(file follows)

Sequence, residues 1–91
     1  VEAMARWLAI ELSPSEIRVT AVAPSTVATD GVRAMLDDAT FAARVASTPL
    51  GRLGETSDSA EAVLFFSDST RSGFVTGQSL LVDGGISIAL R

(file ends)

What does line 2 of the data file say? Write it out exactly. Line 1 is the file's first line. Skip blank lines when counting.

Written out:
     1  VEAMARWLAI ELSPSEIRVT AVAPSTVATD GVRAMLDDAT FAARVASTPL